Publications by authors named "Karun Sutthiwarakom"

3 Publications

  • Page 1 of 1

Genomic characterization of a novel G3P[10] rotavirus strain from a diarrheic child in Thailand: Evidence for bat-to-human zoonotic transmission.

Infect Genet Evol 2021 Jan 5;87:104667. Epub 2020 Dec 5.

Department of Virology and Parasitology, Fujita Health University School of Medicine, Toyoake, Aichi 470-1192, Japan.

An unusual rotavirus strain with the G3P[10] genotype (RVA/Human-wt/THA/MS2015-1-0001/2015/G3P[10]) was identified in a stool sample from a hospitalized child aged 11 months with severe gastroenteritis in Thailand. In the current study, we sequenced and characterized the full genome of strain MS2015-1-0001. On full-genomic analysis, strain MS2015-1-0001 exhibited the following genotype configuration: G3-P[10]-I8-R3-C3-M3-A9-N3-T3-E3-H6, which is identical or closely related to those of bat and bat-like rotavirus strains (MYAS33-like). Furthermore, phylogenetic analysis revealed that all 11 genes of strain MS2015-1-0001 appeared to be of bat origin. Our findings provide evidence for bat-to-human interspecies transmission of rotaviruses and important insights into dynamic interactions between human and bat rotavirus strains.
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http://dx.doi.org/10.1016/j.meegid.2020.104667DOI Listing
January 2021

Full genome characterization of novel DS-1-like G9P[8] rotavirus strains that have emerged in Thailand.

PLoS One 2020 22;15(4):e0231099. Epub 2020 Apr 22.

Department of Virology and Parasitology, Fujita Health University School of Medicine, Toyoake, Aichi, Japan.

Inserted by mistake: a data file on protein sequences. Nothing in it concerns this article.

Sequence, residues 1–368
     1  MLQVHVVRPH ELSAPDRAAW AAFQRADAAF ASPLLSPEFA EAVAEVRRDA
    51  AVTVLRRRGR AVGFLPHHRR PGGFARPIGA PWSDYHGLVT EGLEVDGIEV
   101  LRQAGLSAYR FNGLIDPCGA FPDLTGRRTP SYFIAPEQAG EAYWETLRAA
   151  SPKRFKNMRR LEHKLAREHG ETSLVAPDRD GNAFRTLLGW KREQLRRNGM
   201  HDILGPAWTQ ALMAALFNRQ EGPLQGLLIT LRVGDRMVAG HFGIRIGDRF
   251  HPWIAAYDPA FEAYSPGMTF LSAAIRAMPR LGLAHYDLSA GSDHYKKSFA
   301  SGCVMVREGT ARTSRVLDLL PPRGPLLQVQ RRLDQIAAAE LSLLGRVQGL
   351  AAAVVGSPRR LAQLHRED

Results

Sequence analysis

The emergence and rapid spread of unusual DS-1-like intergenogroup reassortant rotaviruses having G1/3/8 genotypes have been recently reported from major parts of the world (Africa, Asia, Australia, Europe, and the Americas). During rotavirus surveillance in Thailand, three novel intergenogroup reassortant strains possessing the G9P[8] genotype (DBM2017-016, DBM2017-203, and DBM2018-291) were identified in three stool specimens from diarrheic children. In the present study, we determined and analyzed the full genomes of these three strains. On full-genomic analysis, all three strains were found to share a unique genotype constellation comprising both genogroup 1 and 2 genes: G9-P[8]-I2-R2-C2-M2-A2-N2-T2-E2-H2. Phylogenetic analysis demonstrated that each of the 11 genes of the three strains was closely related to that of emerging DS-1-like intergenogroup reassortant, human, and/or locally circulating human strains. Thus, the three strains were suggested to be multiple reassortants that had acquired the G9-VP7 genes from co-circulating Wa-like G9P[8] rotaviruses in the genetic background of DS-1-like intergenogroup reassortant (likely equine-like G3P[8]) strains. To our knowledge, this is the first description of emerging DS-1-like intergenogroup reassortant strains having the G9P[8] genotype. Our observations will add to the growing insights into the dynamic evolution of emerging DS-1-like intergenogroup reassortant rotaviruses through reassortment.
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http://journals.plos.org/plosone/article?id=10.1371/journal.pone.0231099PLOS
http://www.ncbi.nlm.nih.gov/pmc/articles/PMC7176146PMC
July 2020

Predominant prevalence of human rotaviruses with the G1P[8] and G8P[8] genotypes with a short RNA profile in 2013 and 2014 in Sukhothai and Phetchaboon provinces, Thailand.

J Med Virol 2017 04 7;89(4):615-620. Epub 2016 Sep 7.

Department of Virology and Parasitology, Fujita Health University School of Medicine, Toyoake, Aichi, Japan.

Of 2,754 stool specimens collected from children with acute gastroenteritis during 2013-2014 in Sukhothai and Phetchaboon provinces, Thailand, 666 (24.2%) were positive for rotavirus A (RVA) in polyacrylamide gel electrophoresis (PAGE). The G and P types of all RVA-positive specimens were determined by semi-nested RT-PCR. G1P[8] (56.5%) was most prevalent, followed by G2P[4] (22.1%). Unusual G8P[8] human RVAs (HuRVAs) were detected at a high frequency (20.0%). Interestingly, 171 of the 376 G1P[8] HuRVAs and all of the 133 G8P[8] HuRVAs showed a short RNA pattern in PAGE. Thus, it was shown that the properties of HuRVAs have been markedly unusual in recent years in Thailand. J. Med. Virol. 89:615-620, 2017. © 2016 Wiley Periodicals, Inc.
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http://dx.doi.org/10.1002/jmv.24669DOI Listing
April 2017